Property Hawk the landlord's homepage since 2006
Free Tenancy Agreement FREE tenancy agreement
Free Landlord Software FREE landlord software
Home | Property Manager | Free ASTs | Landlord Forms | Mortgages | Insurance | Inventory | Magazine | Landlords Bible | Directory | Forum | Training | News / Blog |

Wednesday, August 27, 2014

Letting agents double charging

Landlords and tenants are being ripped off according to latest research by Direct Line for Business.
This is because both landlords and tenants are being both charged for the same service.  This so called 'double dipping' is something that Ed Milliband has vowed to tackle if he gains power by outlawing letting agents from charging.

A classic case of where letting agents seek to gain money for nothing is where they charge a landlord and letting agent for needlessly creating a new 6 month Assured Shorthold Tenancy rather than allowing it to run on and become a periodic tenancy.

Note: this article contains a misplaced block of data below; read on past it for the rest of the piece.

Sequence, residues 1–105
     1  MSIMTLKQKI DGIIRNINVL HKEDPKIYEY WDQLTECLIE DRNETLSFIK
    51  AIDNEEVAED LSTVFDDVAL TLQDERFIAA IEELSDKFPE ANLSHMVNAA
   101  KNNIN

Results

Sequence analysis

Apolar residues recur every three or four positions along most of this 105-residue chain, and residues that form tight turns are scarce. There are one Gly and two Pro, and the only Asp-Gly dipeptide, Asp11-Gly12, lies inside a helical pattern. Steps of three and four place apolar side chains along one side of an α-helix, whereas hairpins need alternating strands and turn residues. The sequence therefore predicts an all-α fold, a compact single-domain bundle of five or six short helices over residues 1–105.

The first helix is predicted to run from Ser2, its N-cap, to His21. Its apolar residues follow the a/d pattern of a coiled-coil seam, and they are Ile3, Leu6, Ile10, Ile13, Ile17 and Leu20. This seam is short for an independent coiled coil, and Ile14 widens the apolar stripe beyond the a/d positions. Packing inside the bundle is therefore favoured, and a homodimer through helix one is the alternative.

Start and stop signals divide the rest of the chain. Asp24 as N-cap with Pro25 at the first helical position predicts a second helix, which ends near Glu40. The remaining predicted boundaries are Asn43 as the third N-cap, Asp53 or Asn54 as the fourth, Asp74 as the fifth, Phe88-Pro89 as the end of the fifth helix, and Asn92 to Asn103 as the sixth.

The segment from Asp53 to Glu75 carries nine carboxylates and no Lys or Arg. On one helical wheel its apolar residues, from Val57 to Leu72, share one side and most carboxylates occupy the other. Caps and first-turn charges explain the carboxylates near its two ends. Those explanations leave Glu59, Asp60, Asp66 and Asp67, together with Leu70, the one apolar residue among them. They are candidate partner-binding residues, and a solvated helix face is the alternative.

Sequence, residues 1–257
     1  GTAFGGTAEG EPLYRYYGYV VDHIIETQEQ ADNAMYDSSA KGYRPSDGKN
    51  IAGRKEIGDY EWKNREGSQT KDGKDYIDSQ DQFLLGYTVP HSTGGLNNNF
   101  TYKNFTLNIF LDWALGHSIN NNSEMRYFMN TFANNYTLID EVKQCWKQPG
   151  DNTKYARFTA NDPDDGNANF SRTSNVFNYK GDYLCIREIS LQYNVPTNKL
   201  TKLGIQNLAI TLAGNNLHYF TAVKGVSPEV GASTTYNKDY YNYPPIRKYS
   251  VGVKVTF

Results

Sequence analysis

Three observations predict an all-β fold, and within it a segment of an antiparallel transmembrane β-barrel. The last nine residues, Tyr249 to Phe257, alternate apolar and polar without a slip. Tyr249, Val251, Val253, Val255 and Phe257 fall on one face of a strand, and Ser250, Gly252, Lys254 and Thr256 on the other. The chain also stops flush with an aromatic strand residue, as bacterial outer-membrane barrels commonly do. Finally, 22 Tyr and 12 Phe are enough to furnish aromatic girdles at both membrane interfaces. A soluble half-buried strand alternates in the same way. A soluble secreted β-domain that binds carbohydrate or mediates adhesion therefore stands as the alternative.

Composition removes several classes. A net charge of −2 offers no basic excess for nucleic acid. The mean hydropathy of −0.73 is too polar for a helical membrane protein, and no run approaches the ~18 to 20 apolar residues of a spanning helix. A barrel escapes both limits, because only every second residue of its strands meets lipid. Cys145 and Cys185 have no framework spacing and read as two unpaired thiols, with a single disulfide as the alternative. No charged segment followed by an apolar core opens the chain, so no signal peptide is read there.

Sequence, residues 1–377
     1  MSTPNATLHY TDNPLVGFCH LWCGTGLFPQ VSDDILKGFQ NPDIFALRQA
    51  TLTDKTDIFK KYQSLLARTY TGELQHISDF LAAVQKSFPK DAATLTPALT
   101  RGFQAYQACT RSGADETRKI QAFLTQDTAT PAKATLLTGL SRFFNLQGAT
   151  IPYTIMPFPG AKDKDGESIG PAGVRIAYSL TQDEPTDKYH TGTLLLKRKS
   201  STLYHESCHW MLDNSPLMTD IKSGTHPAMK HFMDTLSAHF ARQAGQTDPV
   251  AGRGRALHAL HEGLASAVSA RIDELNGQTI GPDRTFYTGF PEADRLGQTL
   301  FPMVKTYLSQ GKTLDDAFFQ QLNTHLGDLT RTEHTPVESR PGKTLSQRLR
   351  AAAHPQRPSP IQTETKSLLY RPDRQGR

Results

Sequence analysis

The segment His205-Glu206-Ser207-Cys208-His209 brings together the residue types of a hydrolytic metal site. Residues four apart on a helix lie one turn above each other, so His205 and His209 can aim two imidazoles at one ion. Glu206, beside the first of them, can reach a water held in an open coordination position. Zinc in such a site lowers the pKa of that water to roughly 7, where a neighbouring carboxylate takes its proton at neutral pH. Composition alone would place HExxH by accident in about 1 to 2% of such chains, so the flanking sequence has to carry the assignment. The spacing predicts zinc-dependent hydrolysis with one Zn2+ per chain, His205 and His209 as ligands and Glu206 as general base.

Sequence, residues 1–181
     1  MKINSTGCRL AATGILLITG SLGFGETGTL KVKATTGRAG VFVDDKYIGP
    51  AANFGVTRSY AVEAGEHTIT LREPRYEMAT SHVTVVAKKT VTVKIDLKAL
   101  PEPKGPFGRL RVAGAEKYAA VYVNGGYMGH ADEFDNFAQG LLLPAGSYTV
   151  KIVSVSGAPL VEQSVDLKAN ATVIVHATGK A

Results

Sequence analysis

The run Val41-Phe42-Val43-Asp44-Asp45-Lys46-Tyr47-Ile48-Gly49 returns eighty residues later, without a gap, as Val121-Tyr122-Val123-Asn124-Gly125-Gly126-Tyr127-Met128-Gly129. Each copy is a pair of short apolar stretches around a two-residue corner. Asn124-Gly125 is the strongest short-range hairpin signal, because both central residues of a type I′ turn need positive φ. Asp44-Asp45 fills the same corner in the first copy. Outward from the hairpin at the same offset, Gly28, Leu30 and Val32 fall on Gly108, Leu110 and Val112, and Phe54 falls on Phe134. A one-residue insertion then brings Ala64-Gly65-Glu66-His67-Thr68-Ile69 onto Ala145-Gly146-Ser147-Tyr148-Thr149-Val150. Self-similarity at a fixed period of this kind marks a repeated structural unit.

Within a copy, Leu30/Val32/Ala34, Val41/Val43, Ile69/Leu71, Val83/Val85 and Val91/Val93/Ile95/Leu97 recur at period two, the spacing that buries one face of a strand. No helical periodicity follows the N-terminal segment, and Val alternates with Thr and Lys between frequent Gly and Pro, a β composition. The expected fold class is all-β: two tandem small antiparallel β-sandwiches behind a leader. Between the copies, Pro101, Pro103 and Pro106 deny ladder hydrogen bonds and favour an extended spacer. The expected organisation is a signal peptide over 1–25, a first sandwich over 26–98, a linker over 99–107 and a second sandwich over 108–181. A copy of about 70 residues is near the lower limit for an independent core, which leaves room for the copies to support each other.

A recent report in the FT talked about one unamed South London letting agent charging £670 for a basic contract extension involving a change to the date on the Assured Shorthold Tenancy contract.  The tenant was also charged £90 for the same service.

Personally,  I'm not so annoyed at the double charging principle but the fact that landlords and tenants are charged needlessly for services such as tenancy renewals and contract extensions that aren't needed.  This often comes about because landlords do not understand the legislation surrounding letting property.

Letting essentials - helping landlord to understand their rights

1 comment:

Anonymous said...

If landlords and tenants are being FORCED to pay unnecessary fees perhaps it is because they do not understand the CONTRACTS they signed.

The answer is simple. read the contract, ask someone if you don't understand it and DON'T SIGN IT if you still don't understand it.

If you follow this you cannot be FORCED to pay something they you have not AGREED to.

Perhaps this should form the cornerstone of landlord licencing ? After all if the landlord doesn't understand what he is signing then can it be reasonable for that landlord to expect a tenant to sign or abide by something just because they say so ?